4. Apostrophe: An apostrophe is a device used to address something or someone who is not present in the room and mostly imaginary. Here the poet has used an apostrophe to show how the child talks to the star, expressing surprise and amazement. The child further not only talks to the star but also explains how it helps the travelers at night.
5. Alliteration: Alliteration is the repetition of the same consonant sounds in the same lines of the poetry such as the use of /t/ sound in “Twinkle Twinkle”, the sound of /r/ in “Then the” and the /n/ sound in “know not”. This use of these sounds has enhanced the musical quality of the lines.
7. Consonance: Consonance is the repetition of consonant sounds such as /k/ sound in “Twinkle Twinkle” and /t/ sound in “Little Star” Both the use of assonance and consonance create rhythm in the lines by making syllables stressed or unstressed.
Concluding the literary analysis, it can be argued that Jane Taylor has beautifully used different literary devices to enhance the poem. These devices show how she has tried to convey her inner thoughts to the readers of different times.
Analysis of Poetic Devices in “Twinkle, Twinkle, Little Star”
Although most of the poetic devices are part of literary devices, yet some devices are only used in poems. The analysis of some of the major poetic devices used in this poem is given here.
1. Stanza: A stanza is a poetic form of some lines. In this poem, there are eight stanzas with four verses each.
3. Rhyme Scheme: The whole poem follows the AABB CCDD rhyme scheme. The first two lines rhyme with each other, and the second two lines rhyme with each other such as “star, are and high and sky” in the first stanza.
4. Trochee: Trochee means there is a one stressed and one unstressed syllable in a line as given in the next point.
5. Stressed and Unstressed Syllables: These two types of syllables are used in trochee such as the first is stressed and second is unstressed syllable in “Twinkle” and this pattern continues throughout the poem.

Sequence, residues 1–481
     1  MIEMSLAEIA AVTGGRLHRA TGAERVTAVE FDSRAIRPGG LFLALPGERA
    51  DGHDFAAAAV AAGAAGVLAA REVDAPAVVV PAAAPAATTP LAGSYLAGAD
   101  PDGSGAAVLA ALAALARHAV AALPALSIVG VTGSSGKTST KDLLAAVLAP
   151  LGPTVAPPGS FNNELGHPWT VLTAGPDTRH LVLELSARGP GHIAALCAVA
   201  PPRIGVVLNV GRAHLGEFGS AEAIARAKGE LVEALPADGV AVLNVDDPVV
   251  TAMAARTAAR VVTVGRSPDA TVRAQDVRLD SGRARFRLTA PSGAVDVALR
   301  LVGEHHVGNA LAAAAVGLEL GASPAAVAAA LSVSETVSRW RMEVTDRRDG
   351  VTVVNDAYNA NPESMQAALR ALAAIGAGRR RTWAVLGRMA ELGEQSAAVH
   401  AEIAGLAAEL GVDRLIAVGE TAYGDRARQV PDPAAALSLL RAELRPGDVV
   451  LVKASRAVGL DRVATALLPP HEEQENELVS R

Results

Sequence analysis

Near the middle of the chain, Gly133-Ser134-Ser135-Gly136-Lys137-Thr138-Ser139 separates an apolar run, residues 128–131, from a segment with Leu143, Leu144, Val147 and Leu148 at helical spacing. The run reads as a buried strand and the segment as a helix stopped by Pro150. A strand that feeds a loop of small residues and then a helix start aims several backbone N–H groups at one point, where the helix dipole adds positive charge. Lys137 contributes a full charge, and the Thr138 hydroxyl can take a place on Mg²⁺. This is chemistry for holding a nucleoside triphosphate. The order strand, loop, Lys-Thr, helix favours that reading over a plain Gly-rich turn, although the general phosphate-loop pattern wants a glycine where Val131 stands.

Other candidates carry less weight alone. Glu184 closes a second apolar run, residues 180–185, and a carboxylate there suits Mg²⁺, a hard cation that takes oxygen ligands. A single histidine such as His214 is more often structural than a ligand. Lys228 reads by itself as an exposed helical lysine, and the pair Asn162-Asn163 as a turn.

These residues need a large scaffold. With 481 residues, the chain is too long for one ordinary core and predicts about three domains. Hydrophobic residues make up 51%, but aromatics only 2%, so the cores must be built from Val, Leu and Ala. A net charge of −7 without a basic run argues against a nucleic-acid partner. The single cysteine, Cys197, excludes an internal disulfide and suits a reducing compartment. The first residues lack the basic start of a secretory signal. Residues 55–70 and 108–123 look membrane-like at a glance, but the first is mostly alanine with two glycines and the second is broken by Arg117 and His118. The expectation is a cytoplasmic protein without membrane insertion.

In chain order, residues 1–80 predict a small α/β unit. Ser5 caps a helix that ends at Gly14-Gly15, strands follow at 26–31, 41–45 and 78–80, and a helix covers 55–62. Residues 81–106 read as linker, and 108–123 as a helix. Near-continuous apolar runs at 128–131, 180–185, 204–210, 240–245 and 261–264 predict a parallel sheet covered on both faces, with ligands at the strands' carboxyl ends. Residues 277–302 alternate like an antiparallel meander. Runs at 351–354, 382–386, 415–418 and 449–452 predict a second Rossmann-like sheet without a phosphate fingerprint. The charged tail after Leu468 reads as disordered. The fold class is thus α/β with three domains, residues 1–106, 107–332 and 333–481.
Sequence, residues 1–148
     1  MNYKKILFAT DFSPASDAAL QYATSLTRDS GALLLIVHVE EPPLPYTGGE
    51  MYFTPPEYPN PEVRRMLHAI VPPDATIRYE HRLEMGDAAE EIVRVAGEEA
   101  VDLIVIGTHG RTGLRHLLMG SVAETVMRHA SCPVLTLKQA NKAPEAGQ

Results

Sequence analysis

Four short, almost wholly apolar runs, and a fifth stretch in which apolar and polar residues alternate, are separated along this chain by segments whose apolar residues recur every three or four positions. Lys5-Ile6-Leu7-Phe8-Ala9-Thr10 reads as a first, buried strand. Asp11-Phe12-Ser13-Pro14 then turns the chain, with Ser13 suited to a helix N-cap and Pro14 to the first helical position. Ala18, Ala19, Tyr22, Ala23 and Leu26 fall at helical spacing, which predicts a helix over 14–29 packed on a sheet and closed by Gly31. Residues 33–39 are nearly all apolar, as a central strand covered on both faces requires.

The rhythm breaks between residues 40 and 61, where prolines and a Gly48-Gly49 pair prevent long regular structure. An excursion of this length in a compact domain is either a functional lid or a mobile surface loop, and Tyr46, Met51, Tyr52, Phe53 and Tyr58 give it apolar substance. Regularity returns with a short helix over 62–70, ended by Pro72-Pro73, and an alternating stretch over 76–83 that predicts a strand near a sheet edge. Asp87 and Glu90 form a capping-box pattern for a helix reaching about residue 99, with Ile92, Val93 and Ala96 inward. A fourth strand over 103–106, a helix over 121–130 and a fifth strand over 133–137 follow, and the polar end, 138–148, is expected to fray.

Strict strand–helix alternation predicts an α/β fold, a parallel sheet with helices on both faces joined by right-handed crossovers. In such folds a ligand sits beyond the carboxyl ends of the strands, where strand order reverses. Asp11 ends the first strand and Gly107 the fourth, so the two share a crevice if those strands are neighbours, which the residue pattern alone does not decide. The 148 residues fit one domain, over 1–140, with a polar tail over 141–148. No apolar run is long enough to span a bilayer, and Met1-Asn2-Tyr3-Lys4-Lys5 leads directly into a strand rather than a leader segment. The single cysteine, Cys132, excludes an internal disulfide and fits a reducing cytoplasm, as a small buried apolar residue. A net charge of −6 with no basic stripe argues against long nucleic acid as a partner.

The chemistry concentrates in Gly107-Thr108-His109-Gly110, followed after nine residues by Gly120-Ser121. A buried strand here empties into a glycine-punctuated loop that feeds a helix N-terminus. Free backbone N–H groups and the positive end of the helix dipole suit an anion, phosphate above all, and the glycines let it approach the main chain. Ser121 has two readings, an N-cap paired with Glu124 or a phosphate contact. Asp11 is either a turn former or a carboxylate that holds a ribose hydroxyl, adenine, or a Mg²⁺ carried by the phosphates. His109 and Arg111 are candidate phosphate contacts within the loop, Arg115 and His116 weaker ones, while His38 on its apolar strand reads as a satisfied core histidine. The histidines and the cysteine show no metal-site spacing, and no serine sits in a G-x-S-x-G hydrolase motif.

6. Repetition: There is a repetition of the word “twinkle” which has created a musical quality in the poem.
7. Refrain: The lines that are repeated again at some distance in the poems are called refrain. Although “Twinkle Twinkle little star” is not repeated with the same words, it has become a refrain as it has been repeated in first, second and the last stanzas.
This analysis shows that this poem, though seems an innocent composition for the children, points to the dark reality that whoever becomes a beacon of light for others, shows his light whenever there is the night.
Quotations for Usage from “Twinkle, Twinkle, Little”
1. The first verse as well as the title of the poem “Twinkle Twinkle Little Star” can be used when teaching children about heavenly bodies.
“When the blazing sun is gone” could be used to point out the true nature of the sun which is the nearest star, hence it blazes.
“Twinkle Twinkle little star” could be used to teach about the phenomenon of “twinkling” of the stars because they are very far.
2. These two lines can also be quoted to appreciate a great helping hand, who could be a friend, family or a stranger.
“Then the traveler in the dark
Thanks you for your tiny spark.”